February 22, 2017

T-SPLOST List Starts to Take Shape

City Dope

Photo Credit: Nicolas Henderson

A 1 percent sales tax on the November ballot could pay to replace the Murmur trestle on Firefly Trail.

A citizens’ committee will begin reviewing projects next month that could be funded (and eventually built) if voters approve a 1 percent sales-tax increase in November. The projects—most of them proposed by county departments, but a few by citizens—range from road resurfacing and new parking near trails to traffic signals, bridge replacements, new sidewalks, bicycle lanes and new bus routes. Completion of the Firefly Trail to Winterville and construction of a pedestrian bridge to replace the derelict R.E.M. trestle are likely candidates. A North Oconee River boat launch and a sidewalk to Memorial Park were proposed by citizens. The deadline for proposals is Feb. 28.

Not all the proposals will be funded. If voters approve, the transportation sales tax would last five years and produce just over $100 million, SPLOST Administrator Keith Sanders said at a commission work session last week. But over $200 million in projects are likely to be requested, once all the requests are in. ACC commissioners will decide which projects go with the ballot measure, following recommendations made by a citizens committee that will vet the projects first.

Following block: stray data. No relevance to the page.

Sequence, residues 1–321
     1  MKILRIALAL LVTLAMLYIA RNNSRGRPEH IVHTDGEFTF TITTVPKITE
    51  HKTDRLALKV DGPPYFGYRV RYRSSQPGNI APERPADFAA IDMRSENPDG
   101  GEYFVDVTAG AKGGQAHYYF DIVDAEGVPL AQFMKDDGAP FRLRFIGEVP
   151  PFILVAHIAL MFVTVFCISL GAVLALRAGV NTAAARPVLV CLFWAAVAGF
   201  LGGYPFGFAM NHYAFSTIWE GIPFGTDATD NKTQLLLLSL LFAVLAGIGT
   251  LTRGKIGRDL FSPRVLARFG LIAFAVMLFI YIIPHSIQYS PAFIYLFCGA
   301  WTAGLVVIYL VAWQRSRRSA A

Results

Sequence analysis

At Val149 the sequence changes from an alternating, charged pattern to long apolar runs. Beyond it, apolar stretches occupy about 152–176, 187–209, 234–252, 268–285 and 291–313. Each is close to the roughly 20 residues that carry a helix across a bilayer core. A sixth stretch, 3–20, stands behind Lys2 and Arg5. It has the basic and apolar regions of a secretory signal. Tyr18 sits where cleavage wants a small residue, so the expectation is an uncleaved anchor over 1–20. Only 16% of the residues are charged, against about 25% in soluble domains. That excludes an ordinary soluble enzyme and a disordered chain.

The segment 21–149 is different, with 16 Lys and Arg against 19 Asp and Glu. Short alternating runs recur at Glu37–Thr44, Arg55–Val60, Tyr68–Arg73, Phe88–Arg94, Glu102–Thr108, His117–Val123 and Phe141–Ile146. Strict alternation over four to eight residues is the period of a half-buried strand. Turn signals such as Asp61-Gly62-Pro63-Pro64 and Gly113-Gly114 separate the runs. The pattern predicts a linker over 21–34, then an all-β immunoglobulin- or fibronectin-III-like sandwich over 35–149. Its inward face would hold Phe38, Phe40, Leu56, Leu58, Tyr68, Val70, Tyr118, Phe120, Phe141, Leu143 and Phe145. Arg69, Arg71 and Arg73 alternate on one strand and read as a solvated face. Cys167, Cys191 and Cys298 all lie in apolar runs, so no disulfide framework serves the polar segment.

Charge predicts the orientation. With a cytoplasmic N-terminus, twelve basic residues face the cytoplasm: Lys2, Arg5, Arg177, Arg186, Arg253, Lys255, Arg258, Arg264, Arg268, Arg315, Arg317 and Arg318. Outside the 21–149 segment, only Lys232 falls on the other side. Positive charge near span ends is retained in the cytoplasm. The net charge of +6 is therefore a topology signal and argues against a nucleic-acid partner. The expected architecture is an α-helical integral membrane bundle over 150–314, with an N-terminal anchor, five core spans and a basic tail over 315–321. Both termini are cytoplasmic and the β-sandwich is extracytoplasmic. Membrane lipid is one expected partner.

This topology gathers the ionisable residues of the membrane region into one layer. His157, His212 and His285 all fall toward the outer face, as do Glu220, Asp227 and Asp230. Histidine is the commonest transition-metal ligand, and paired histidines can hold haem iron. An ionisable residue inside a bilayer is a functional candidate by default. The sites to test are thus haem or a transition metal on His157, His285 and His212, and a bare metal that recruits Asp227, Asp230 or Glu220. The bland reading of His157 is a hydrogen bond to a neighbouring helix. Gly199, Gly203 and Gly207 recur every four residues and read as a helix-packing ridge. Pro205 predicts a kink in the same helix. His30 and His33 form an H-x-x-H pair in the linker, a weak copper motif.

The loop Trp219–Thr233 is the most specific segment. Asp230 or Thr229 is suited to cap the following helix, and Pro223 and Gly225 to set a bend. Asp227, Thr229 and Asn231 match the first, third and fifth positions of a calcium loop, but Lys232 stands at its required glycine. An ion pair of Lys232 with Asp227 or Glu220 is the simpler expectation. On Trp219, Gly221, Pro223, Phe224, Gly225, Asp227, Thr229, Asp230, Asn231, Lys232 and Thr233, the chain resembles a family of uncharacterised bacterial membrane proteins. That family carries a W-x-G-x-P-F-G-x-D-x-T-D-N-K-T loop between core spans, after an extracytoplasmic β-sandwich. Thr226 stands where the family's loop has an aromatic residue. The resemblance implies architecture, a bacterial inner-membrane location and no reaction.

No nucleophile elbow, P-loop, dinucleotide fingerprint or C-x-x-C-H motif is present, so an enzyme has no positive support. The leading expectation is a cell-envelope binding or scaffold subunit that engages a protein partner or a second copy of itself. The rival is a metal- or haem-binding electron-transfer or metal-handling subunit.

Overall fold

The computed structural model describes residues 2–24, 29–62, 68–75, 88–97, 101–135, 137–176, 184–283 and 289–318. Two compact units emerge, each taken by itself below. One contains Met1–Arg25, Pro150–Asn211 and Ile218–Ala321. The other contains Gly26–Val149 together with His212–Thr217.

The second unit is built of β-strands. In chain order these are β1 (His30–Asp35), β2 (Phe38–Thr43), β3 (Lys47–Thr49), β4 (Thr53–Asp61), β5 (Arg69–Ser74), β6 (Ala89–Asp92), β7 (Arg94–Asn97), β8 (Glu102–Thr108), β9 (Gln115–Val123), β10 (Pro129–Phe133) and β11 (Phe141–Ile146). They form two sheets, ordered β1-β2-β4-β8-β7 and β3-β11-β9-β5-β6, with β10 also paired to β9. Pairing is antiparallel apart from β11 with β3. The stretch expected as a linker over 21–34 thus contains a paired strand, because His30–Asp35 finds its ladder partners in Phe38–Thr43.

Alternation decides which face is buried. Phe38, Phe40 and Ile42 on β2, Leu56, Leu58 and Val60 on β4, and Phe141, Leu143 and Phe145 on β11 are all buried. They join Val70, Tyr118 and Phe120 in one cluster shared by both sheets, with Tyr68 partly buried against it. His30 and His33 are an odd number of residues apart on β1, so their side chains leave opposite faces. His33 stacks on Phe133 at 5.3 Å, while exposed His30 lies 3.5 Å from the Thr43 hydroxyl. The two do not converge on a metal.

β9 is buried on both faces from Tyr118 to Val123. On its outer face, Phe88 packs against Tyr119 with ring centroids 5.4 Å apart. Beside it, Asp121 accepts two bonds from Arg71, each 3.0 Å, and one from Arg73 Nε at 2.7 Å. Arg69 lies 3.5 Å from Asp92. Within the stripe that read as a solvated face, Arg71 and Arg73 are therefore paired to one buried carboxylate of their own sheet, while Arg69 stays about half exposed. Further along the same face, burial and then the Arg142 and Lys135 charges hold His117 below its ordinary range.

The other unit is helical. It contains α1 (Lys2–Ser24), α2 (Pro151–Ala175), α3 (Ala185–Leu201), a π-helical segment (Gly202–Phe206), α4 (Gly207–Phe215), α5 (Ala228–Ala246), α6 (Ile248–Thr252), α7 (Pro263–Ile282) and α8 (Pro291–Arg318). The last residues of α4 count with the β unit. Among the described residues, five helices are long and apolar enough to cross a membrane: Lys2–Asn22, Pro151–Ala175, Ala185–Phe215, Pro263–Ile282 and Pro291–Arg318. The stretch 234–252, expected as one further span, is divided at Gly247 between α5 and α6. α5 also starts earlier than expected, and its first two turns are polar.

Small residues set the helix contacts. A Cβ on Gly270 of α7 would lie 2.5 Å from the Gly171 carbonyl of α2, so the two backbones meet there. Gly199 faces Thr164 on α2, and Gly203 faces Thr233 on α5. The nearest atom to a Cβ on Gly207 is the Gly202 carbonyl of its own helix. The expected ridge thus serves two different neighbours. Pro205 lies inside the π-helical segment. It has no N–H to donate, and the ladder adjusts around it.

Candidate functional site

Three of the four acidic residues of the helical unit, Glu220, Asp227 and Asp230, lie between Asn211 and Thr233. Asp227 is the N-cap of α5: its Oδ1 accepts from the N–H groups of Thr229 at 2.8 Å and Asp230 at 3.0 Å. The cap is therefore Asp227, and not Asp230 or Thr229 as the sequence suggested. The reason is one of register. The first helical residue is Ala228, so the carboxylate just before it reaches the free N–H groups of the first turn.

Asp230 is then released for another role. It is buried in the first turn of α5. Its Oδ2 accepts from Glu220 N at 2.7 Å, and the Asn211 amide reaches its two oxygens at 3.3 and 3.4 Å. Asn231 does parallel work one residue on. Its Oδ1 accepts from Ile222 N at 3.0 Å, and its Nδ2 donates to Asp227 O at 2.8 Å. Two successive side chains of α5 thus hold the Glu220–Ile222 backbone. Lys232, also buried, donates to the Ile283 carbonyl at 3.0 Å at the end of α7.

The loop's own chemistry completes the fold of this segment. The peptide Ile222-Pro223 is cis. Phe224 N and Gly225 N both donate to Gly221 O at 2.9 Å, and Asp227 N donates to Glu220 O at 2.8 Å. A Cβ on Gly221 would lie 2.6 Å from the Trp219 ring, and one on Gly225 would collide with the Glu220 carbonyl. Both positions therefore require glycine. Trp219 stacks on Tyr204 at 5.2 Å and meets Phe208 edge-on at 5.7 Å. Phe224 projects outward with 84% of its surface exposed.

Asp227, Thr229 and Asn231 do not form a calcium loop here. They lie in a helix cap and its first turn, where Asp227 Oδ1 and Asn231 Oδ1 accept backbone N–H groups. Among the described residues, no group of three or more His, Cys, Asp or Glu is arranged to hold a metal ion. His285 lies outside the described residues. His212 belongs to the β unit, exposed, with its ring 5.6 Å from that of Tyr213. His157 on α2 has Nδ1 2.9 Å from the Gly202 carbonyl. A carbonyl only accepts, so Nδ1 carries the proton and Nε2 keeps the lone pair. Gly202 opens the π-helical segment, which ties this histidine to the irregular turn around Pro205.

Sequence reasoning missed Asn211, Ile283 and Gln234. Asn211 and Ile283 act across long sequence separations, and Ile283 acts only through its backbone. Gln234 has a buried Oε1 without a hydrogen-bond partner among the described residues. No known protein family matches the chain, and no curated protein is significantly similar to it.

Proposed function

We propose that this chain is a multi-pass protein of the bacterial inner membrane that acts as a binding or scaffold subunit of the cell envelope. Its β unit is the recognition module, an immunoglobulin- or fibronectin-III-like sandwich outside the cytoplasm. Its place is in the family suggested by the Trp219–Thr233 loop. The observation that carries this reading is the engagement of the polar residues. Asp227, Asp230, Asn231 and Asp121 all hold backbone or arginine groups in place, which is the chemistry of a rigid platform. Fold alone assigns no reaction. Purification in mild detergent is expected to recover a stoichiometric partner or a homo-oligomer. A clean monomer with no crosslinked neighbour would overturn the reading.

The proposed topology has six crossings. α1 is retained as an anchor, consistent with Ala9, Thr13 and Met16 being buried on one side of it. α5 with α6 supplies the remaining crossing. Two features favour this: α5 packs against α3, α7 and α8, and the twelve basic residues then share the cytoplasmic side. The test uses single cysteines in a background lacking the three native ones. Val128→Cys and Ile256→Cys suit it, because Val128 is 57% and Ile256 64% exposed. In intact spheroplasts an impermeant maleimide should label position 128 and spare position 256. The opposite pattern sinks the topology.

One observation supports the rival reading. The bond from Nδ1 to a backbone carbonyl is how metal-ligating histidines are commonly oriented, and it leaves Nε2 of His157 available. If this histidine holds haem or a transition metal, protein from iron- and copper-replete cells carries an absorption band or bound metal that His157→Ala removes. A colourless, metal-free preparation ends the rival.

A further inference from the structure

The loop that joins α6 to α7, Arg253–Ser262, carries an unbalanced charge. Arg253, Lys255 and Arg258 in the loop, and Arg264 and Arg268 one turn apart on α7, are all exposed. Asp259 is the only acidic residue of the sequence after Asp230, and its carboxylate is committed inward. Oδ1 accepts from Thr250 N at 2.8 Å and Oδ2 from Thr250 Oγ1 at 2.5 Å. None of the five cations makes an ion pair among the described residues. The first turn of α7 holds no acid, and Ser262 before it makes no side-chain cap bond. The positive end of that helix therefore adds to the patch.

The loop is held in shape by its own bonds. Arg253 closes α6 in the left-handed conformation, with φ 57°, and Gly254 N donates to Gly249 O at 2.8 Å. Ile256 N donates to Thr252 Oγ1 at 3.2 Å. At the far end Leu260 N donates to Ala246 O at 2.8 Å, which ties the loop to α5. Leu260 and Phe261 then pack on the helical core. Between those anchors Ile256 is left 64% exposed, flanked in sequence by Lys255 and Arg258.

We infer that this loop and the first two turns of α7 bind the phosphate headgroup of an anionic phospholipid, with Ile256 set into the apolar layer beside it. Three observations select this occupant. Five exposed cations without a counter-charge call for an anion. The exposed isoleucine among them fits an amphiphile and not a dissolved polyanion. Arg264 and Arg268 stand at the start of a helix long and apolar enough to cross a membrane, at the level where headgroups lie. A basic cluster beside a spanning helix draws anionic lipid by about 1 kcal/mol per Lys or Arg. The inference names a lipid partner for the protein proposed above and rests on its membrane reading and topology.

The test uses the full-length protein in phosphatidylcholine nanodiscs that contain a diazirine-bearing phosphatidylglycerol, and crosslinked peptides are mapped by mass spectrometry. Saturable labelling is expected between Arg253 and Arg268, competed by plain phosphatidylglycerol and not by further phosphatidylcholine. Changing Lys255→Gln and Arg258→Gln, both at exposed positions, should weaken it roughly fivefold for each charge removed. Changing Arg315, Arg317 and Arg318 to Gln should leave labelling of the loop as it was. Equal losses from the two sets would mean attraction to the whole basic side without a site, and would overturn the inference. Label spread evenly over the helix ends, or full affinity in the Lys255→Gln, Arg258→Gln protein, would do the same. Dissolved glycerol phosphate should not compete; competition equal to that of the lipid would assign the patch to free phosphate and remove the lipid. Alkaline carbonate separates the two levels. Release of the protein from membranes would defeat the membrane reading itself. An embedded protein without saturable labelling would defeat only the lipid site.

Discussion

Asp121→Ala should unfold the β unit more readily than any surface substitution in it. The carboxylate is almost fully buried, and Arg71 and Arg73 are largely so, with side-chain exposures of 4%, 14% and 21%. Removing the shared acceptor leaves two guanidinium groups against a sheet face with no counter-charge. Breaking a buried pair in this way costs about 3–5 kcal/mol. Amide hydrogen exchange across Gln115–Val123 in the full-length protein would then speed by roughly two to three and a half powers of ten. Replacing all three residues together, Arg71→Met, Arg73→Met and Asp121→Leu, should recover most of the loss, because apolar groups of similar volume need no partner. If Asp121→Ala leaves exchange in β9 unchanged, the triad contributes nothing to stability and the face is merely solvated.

Guidelines for the 21-person committee, chaired by former Commissioner Alice Kinman, include better road safety “for all users,” improving bus service and reducing congestion.  Commissioner Jerry NeSmith wanted economic development explicitly included, too. “That very thing” is a commission priority, he said. “Our thought was, all transportation is economic development,” Kinman said. Added Commissioner Melissa Link, “We’ve seen a lot of interest in the Chase Street corridor because we’re getting bike lanes out there.”

Although some online sellers are now required to collect sales tax in Georgia, local sales tax collections have been “flat,” said Tim Taylor of ACC’s Finance Department. “We don’t know” how online sales have affected county revenue, he told Flagpole, because sales tax is reported to, then distributed by, the state Department of Revenue—and it provides no information on where tax revenue comes from. “If it is going up, it’s displacing something else,” Taylor said.

Georgia and some other states have “Amazon laws,” according to Georgia requires sellers to collect sales tax (including local taxes) if they have a physical presence in the state, or sell over $50,000 annually to Georgia customers.